DCL

An elegant OOP with mixins + AOP for JavaScript.

Constructors

When you design your mixins and classes for a project, one question arises quite frequently: how to deal with constructors and their parameters?

Obviously it is not a problem for mixins without constructors, or for mixins, which constructors do not require parameters. But what if they do?

Slot-based assignment

One possible solution to separate parameters for different components is to assign different slots for different mixins. For example, we may reserve an argument #1 for a class itself, #2 for Mixin1, and #3 for Mixin2:

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var Base = dcl(null, {
  declaredClass: "Base",
  constructor: function(param){
    // use param to initialize the instance
  }
});

var Mixin1 = dcl(null, {
  declaredClass: "Mixin1",
  constructor: function(){
    var param = arguments[1];
    // use param to initialize the instance
  }
});

var Mixin2 = dcl(null, {
  declaredClass: "Mixin2",
  constructor: function(){
    var param = arguments[2];
    // use param to initialize the instance
  }
});

var Example1 = dcl(
  [Base, Mixin1, Mixin2],
  {}
);

var x = new Example1(1, true, "seven");

While this techniques works, it doesn’t scale well for real-life projects with dozens mixins, and it is extremely error prone (both assigning slots, and specifying parameter values). It can be used only on small scale.

But what if our constructor needs more than one value, or a variable number of values?

Put it in a bag

One solution is to put all required parameters in a bag switching from positional parameters to named parameters:

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var Mixin3 = dcl(null, {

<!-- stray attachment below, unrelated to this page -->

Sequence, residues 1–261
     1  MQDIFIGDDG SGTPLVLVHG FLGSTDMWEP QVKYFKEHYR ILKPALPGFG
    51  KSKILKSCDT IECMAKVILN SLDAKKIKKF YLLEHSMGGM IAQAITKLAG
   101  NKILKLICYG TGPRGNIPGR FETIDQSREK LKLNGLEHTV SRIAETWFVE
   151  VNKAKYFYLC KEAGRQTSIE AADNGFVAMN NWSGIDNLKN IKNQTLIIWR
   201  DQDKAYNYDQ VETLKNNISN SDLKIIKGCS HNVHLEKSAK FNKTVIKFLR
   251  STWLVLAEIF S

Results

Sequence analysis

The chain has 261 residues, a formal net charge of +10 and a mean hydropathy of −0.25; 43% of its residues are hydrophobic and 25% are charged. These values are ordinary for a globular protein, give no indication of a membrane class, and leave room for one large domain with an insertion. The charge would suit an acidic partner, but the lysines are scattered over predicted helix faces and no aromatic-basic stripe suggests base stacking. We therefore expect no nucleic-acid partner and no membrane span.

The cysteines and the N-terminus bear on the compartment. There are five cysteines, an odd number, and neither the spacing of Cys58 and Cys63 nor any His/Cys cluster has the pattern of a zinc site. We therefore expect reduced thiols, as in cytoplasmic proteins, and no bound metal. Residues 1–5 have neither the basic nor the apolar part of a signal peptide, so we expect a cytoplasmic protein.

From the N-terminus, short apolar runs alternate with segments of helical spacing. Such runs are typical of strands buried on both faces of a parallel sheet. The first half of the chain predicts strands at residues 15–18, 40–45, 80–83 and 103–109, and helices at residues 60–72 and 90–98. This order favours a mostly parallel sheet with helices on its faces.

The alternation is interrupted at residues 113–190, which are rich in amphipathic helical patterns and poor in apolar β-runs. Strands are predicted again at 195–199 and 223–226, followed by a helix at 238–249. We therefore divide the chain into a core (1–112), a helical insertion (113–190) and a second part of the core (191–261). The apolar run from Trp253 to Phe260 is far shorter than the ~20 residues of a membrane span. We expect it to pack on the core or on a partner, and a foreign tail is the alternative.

declaredClass: "Mixin3",
  constructor: function(){
    var args = arguments[3];
    this.name = args.name || "Anonymous";
    this.age  = args.age  || null;
    if("secret" in args){
      this.secret = args.secret;
    }else{
      this.secret = "unspecified";
    }
  }
});

var Example2 = dcl(
  [Base, Mixin1, Mixin2, Mixin3],
  {}
);

var x = new Example2(1, true, "seven", {
  name: "Bob",
  age:  99
});

Another potential problem is that sometimes we don’t know what slot is available, or don’t like the default placement.

Parameterized mixins

Given a dynamic nature of dcl it is super-easy to parameterized any mixin:

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var mixinN = function(n){
  return dcl(null, {
    declaredClass: "MixinN",
    constructor: function(){
      var param = arguments[n];
      // use param to initialize the instance
    }
  });
};

var Example3 = dcl(
  [Base, Mixin1, Mixin2, Mixin3, mixinN(4)],
  {}
);

Global bag

While we learned valuable techniques from above sections, the slot allocation has a lot of problems making it unsuitable as a generic solution:

  • It doesn’t scale up well, if we insist that every mixin had its own parameter slot.
  • It is error-prone to design, and to specify constructor parameters.
  • What if different mixins require the same or similar parameter? Should we duplicate them?
  • Mixing three mixins that require just 5th, 50th, and 100th slots are ridiculous.

The simplest solution is to mandate that all our bases and mixins use the only one parameter, which is a key-value dictionary (a bag). Each participant takes named values it knows about ignoring others. Essentially it is a recreation of kwargs parameters of Python.

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var Person = dcl(null, {
  declaredClass: "Person",
  constructor: function(args){
    this.firstName = args.firstName;
    this.lastName  = args.lastName
  }
});

var FullName = dcl(null, {
  declaredClass: "FullName",
  constructor: function(args){
    this.fullName = args.firstName + " " +
      args.lastName;
  }
});

var Age = dcl(null, {
  declaredClass: "Age",
  constructor: function(args){
    this.age = args.age || null;
  }
});

var HRRecord = dcl(
  [Person, FullName, Age],
  {
    declaredClass: "HRRecord"
  }
);

This way when designing mixins, we can carefully select names for our named parameters and ensure that our mixins are consistent with naming and using data.

The only problem is a possible data duplication. For example, several mixins need to know name. It appears that the best way to do that is to save the parameter, which may lead to several mixins storing the same information again and again. Is there a solution for that?